"Diwata": A new satellite for the post-Agila generation
(Or all after hearing news about a satellite that has been made
rather than brought by Filipinos)
At first, it is quite amazing to have another satellite to be launched this coming year. And this time it is supported in direct by Filipino technicians and engineers.
That, based from reports, a satellite, code-named "Diwata", is to be made by Filipino hands rather than being bought in case of the two satellites that was being classified as Filipino-owned years ago, that sadly it end sold by a foriegn company leaving its memories of that past decade.
However, instead of a conventional satellite being flown by developed countries, Diwata is to be launched as the Philippines' first microsatellite incoming July 2016, made by the Department of Science and Technology in cooperation with the Japan Aerospace Exploration Agency. And it was started last October 2014, wherein 10 scientists were sent to Tohoku University and Hokkaido University in Japan by the DOST to study and research on the making of a microsatellite. It was also in the reports that the joint effort between Philippines and Japan is part of the country's disaster risk management program, and it will cost a total of P840.82 million ($19 million). Of this, P324.8 million ($7.3 million) will be shouldered by the Philippine government while P515.92 million ($11.6 million) will be shouldered by two Japanese universities, Tohoku University and Hokkaido University.
And like Agila of the past that has a facility for relays, a receiving station will also be built in Subic Bay Freeport at Zambales. The facility's purpose includes receive the data and images captured by the satellites and process them into information that can then be disseminated to government agencies and used for public services. And at the same time, a research laboratory is to be based at the University of the Philippines Diliman with a task to develop improvements to the program. It will also have direct access to information processed by the ground receiving station.
The said plan also includes launching of another microsatellite that has to be developed by the said joint partnership, perhaps with the same intention of monitoring risk disaster and other possible details such as national security and to some extent, telecommunications.
Yet despite having a team of Filipinos willing to invest knowledge in creating the said craft, its parts, tools, materials, are of course foreign made and even assembled in a foreign country under a joint partnership since there is no industry in the Philippines that is, in order to have such parts to be manufactured, despite having facilities that can possibly cater in developing smaller parts for telecommunication devices.
But for most commentators in social media sites would say that "at least it is better assembled" than "being bought" for a million bucks. The satellites "Agila I" and "II" were being bought from Loral Space Systems, and another from an Indonesian company, by the former Mabuhay Satellite Corporation, but in case of the latter it end discontinued its satellite operations three years ago and became an investment institution, so was the satellites as it was being bought by a foreign owned telecommunications company prior to Mabuhay's discontinue as a company behind Agila.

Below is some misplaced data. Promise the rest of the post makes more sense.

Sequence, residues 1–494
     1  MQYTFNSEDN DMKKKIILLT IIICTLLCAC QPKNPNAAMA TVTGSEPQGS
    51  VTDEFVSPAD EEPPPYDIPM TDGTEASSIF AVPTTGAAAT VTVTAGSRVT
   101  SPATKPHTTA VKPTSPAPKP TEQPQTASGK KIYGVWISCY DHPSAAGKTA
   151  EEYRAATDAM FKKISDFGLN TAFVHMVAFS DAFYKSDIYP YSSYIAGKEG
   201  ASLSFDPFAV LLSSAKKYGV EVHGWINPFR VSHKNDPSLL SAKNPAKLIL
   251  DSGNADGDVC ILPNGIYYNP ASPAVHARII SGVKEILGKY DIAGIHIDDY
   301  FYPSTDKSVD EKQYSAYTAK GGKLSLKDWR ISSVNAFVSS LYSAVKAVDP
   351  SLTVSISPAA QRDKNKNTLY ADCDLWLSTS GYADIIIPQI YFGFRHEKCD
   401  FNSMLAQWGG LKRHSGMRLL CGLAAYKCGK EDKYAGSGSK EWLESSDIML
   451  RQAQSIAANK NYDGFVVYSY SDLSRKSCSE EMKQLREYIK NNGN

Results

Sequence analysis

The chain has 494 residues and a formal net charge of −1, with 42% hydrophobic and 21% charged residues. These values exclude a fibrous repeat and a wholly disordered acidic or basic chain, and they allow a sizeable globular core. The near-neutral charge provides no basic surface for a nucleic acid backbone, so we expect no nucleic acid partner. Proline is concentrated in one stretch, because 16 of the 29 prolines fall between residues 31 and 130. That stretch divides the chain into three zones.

The demise of the Agila project took years for the Philippines to have another satellite, which is also another source of pride besides well-known artists and sportspeople. But, with the continuous use of technology, particularly in telecommunications comes with a demand for another satellite besides relying on other foreign-owned satellites for a good coverage. Ironically, the Philippines has resources to make it happen, yet having a mismanaged state and a trader-like nature of its leaders can't make it realise with its full-blown potential. They just bought a satellite decades ago from a foreign owned manufacturer and described as Filipino "with pride" and "promises of hope" being blared in media only to be sold and making everyone wait years only to hear a Filipino-made "Diwata" in online pages and social media.
But perhaps this time around lies a different idea for the half-hearted system to push it over: That besides investing in science and technology, they are trying to rally scientists to create, design possible satellites and other air and spacecraft, and telecommunications magnates to invest those kinds of projects mainstream media be called as a feat, with a showcase of that goddamn pride regardless of which country having the tools and materials to be assembled for. And of course, those companies would be willing to invest, all for the sake of expansion and of pride, just like what they did for Agila decades ago.
And hoping not to repeat the mistake of letting it be sold to another foreign-owned company whether it is bought from a foreign manufacturer or assembled by Filipino hands. Anyways, what is important is at least science and technology has trying to flex its muscles in the "assuming that is improving" Philippines.
But again, this writer reiterates its position in advancing science and technology, that with industrialisation, from small to heavy manufactures, comes an answer to end such dependencies in foreign supplies and utilise resources, manpower all for the common good. Of what is having Iron, Manganese, Copper, Silica, or any other mineral the Philippines itself has to offer if it has to be exported for an expensive material manufactured abroad? Or is industry being bragged by the "business sector" has to be limited to assembly line, import substitutes, and consumer goods?
Regardless of the events, the "Panday Pira spirit" lives, and it requires thorough forging, ceaseless innovation, and commitment to building a better future.